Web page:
JOURNAL ARTICLE
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Blunt renal trauma in the pediatric population: indications for radiographic evaluation.

Urology 1994 September
OBJECTIVES: The purpose of this study was to define more clearly the clinical indications for radiographic evaluation of blunt renal injury in the pediatric population.

METHODS: Children evaluated for blunt abdominal trauma at the Children's Hospital of Los Angeles and Los Angeles County/University of Southern California Medical Center undergo routine physical examination, laboratory analysis, and computed tomography (CT) scan of the abdomen and pelvis regardless of urinalysis results. We retrospectively evaluated the abdominal and pelvic CT scans of 412 children sustaining blunt abdominal trauma between June 1985 and June 1990. A total of 48 children, ages 6 months to 14 years (mean 5.6 years), with CT-documented renal injuries secondary to blunt trauma were identified. The radiographic findings were correlated with clinical presentation in this group of patients.

RESULTS: Of the 48 children sustaining renal injuries (12% of the group), 23 (48%) had renal contusions and 25 children (52%) sustained more serious (significant) renal injuries. Of the children with significant renal injuries, 17 (68%) had minor renal lacerations and 8 (32%) had major renal lacerations. No child sustained a renal pedicle injury. All 25 children sustaining significant renal injuries presented with hematuria: 17 (68%) had microscopic (more than 3 red blood cells per high-power field) and 8 (32%) had gross hematuria. In the 23 children with renal contusions, 4 (17%) had no hematuria, 13 (57%) had microscopic hematuria, and 6 (26%) presented with gross hematuria. Hypotension occurred in 2 of the 25 children with significant renal injuries and in 2 of 23 children with renal contusions. Fifteen of the 25 patients (60%) with significant renal injuries had associated organ injuries, and 17 of the 23 children (74%) with renal contusions had associated organ injuries.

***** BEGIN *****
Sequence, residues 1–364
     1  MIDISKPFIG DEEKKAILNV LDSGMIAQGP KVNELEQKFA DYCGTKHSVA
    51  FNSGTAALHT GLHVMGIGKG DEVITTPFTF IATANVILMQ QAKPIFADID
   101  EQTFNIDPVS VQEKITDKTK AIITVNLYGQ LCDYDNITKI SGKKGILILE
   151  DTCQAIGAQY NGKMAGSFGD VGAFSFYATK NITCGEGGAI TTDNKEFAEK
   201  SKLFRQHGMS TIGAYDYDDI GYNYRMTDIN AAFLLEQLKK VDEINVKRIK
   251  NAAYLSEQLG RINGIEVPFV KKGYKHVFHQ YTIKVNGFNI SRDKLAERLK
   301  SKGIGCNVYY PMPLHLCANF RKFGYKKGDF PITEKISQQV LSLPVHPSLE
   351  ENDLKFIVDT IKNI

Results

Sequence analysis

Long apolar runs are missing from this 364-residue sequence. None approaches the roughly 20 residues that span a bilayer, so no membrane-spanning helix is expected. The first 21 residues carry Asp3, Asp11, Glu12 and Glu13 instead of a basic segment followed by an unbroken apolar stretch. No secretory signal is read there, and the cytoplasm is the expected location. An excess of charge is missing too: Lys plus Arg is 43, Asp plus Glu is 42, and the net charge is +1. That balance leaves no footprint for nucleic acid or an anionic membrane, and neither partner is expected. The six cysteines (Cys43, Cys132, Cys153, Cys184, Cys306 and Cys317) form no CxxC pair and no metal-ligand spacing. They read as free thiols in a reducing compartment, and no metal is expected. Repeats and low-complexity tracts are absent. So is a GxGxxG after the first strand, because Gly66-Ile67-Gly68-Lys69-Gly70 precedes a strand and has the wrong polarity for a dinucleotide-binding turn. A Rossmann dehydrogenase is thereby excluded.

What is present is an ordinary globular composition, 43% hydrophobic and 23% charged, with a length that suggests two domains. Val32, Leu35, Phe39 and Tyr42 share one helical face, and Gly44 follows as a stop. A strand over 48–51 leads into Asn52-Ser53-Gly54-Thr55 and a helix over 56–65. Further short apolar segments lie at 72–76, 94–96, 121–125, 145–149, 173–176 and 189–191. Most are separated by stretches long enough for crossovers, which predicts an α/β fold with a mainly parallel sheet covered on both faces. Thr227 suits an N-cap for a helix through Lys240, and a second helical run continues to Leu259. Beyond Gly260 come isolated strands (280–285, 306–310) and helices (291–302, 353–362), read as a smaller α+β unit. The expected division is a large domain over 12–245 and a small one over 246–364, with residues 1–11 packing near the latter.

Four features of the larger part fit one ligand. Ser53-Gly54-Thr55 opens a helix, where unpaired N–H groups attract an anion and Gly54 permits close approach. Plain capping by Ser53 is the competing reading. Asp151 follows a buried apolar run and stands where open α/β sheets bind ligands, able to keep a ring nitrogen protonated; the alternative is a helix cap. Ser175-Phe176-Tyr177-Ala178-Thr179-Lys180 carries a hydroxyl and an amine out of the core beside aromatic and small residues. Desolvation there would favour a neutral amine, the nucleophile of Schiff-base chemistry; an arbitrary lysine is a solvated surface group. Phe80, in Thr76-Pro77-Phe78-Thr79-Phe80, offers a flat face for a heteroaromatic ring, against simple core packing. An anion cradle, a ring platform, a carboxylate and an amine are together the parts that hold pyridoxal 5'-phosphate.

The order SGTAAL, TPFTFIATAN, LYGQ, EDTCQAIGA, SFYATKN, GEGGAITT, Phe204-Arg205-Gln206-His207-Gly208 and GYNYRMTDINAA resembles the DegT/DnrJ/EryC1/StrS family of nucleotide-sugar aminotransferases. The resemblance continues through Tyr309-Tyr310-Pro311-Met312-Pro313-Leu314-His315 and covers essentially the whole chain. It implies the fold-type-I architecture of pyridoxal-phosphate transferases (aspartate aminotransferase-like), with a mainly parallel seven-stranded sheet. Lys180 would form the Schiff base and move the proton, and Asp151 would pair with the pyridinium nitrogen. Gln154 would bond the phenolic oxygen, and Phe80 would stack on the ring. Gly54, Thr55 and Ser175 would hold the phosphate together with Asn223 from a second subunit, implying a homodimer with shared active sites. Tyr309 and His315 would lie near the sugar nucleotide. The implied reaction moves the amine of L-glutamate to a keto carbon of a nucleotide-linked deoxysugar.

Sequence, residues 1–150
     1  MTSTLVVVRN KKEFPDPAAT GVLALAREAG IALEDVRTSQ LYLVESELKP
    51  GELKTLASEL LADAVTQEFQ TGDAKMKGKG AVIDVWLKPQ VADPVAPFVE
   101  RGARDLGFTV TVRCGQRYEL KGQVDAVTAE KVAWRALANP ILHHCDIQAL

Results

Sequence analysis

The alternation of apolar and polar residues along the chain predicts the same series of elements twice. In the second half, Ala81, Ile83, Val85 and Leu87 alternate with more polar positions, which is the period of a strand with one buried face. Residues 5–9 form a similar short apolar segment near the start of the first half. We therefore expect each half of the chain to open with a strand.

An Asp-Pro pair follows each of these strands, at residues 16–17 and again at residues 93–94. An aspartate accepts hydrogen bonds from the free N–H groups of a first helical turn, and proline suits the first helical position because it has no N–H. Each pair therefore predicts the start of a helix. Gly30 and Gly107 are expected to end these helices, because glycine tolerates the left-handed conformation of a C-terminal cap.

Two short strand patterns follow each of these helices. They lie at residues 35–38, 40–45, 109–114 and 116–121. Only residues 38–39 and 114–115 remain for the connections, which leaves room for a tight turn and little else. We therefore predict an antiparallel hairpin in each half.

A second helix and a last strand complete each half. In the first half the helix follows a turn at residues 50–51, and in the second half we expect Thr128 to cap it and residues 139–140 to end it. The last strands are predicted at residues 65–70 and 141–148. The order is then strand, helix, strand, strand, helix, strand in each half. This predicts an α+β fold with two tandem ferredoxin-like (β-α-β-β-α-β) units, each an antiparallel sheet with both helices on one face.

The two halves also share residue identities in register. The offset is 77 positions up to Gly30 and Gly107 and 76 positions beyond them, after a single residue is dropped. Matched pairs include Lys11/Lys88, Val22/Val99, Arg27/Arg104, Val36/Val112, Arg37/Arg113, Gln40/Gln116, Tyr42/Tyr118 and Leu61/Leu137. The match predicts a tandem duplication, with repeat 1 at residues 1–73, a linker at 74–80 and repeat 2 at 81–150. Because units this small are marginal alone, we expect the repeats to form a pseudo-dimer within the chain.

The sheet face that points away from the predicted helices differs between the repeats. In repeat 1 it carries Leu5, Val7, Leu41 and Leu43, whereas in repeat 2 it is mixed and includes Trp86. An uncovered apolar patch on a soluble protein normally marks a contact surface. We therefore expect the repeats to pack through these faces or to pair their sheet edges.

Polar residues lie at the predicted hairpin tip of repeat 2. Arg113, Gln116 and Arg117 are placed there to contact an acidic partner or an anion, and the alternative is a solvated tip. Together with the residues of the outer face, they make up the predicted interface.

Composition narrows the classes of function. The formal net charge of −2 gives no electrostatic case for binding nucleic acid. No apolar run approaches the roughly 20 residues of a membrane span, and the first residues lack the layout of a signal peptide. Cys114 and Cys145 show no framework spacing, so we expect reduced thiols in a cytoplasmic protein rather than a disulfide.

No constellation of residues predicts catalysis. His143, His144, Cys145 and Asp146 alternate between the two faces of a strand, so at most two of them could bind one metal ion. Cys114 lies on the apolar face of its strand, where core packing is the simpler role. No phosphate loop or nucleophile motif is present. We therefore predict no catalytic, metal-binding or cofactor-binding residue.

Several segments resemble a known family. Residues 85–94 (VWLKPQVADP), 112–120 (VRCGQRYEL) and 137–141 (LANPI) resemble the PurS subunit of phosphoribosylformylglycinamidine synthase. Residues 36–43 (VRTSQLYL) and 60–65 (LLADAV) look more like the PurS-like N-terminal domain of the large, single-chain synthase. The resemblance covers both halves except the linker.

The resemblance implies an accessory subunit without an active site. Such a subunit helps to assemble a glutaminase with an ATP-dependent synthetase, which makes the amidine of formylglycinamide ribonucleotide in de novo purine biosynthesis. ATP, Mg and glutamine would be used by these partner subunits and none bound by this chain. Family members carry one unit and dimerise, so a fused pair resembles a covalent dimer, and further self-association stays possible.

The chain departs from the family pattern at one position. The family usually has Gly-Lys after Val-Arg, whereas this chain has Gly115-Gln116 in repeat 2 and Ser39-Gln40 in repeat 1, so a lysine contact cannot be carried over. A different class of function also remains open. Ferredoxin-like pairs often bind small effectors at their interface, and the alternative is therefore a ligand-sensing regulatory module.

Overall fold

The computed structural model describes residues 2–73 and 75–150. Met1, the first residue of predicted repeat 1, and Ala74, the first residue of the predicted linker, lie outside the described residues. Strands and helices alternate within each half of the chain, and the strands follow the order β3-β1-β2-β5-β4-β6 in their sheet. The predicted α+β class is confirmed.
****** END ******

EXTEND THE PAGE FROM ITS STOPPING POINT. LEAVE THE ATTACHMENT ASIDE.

CONCLUSIONS: In adults, gross hematuria and microscopic hematuria with hypertension following blunt trauma have been correlated with significant renal injuries requiring radiographic investigation. We conclude that these clinical criteria proposed to guide the radiographic evaluation of the adult population with blunt trauma do not apply to children. In our study, the degree of hematuria did not correlate with the degree of renal injury, and significant renal injury did occur with microhematuria in the absence of hypotension. We suggest that any child with a history of blunt abdominal trauma and any evidence of hematuria should undergo abdominal and pelvic CT scanning for the proper diagnosis and staging of renal and other associated intra-abdominal injuries.

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